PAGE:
Although the mysterious markings and images pecked or painted on cliffs and boulders of the West are generally referred to as primitive art it is doubtful that they represent art, as we understand it today. They are efforts at communication and are truthfully messages in the sense that al signatures, road signs, graffiti, religious symbols, trade marks, valentines, cartoons, hex signs, letters, advertisements, secret symbols, doodles and mathematical symbols serve to convey a mental image from one mind to another. Therefore, our booklet is titled Messages on Stone.
If we could in imagination get inside the minds of ancient "artists" as they set to work we would probably find thoughts like these: (1) I have done a might deed, I want everyone to know about it; (2) this is our territory, I will post this notice to keep others out; (3) I must pay homage to my gods, I will create their images and ceremonies; (4) My clan and kin are the greatest we claim this area as ours; (5) this animal is important to me I think about it a lot, I will draw its likeness; (6) I am bored, I will draw something to pass the time; (7) I have had a queer dream, maybe it is important, a picture will help me recall it; (8) My friends and I have had a great ceremony, I will record it; (9) I have returned from a long journey, I will try to show my pathway across the land; (10) My chief has asked me to go here and put up some signs along the trail. I will get it over with as soon as possible; (11) I have a new artistic design in mind, I will record it before I forget it.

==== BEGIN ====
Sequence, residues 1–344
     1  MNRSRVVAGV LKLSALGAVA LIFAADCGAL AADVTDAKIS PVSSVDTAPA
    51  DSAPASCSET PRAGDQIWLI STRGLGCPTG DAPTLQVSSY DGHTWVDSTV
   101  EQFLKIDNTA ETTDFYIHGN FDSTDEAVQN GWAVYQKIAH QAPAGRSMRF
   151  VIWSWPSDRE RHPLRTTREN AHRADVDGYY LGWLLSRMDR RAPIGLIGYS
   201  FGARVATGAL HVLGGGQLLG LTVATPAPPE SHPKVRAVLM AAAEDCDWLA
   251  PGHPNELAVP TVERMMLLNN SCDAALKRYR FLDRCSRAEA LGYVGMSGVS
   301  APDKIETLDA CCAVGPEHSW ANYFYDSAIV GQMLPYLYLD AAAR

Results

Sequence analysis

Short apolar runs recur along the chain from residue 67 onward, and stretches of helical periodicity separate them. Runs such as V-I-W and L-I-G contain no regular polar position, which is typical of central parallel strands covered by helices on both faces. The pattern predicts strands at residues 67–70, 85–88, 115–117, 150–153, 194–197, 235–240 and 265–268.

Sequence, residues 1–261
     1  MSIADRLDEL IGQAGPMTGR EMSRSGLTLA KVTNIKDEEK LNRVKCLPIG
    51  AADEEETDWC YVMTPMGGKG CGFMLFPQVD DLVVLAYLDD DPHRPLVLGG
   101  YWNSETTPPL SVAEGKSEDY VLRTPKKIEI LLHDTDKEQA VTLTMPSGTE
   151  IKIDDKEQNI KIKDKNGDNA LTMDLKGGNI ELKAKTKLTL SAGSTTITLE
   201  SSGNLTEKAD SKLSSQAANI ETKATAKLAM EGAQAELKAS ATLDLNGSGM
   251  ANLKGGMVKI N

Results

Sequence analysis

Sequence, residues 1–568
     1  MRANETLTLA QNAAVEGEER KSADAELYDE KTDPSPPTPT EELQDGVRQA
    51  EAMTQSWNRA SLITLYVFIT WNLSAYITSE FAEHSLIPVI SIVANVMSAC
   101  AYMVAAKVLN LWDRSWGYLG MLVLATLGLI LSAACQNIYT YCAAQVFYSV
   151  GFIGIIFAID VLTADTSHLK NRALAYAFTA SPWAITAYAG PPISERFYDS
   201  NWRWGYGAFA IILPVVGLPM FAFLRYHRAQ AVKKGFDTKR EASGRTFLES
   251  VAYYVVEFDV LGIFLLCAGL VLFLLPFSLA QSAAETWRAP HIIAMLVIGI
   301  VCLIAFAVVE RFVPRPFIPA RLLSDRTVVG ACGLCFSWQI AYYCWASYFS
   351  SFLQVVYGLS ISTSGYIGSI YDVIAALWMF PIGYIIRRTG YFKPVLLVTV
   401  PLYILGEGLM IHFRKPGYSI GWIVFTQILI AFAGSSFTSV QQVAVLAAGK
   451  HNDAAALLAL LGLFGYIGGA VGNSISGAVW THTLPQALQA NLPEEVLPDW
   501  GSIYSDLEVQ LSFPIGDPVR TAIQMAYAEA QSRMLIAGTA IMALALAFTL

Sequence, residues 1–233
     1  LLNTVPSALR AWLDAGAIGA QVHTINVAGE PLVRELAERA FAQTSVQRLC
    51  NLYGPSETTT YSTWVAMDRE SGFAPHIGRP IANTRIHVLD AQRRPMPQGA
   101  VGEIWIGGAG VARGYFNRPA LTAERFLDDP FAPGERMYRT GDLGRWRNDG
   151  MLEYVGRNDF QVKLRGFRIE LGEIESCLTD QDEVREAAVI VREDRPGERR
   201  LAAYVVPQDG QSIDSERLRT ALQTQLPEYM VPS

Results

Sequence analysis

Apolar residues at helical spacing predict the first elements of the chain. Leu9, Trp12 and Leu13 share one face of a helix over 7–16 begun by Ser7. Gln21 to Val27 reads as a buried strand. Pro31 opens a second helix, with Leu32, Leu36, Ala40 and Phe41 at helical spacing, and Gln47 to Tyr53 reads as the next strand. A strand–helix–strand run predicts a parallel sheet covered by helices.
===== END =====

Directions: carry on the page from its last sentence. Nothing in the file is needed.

From the thousands of objects and symbols we and others have observed we have assembled a number of groups with meanings that are relatively clear. These groups are presented alphabetically with brief comments in the following pages.
A word on definitions is in order. Anything depicted upon a stone surface is called a pictograph; it may be carved pecked, or painted. If the message is carved (or pecked) it is technically called a petroglyph. Some students, giving way to a logical impulse, refer to the pecked messages as pecktographs. This usage may or; may not come into general use.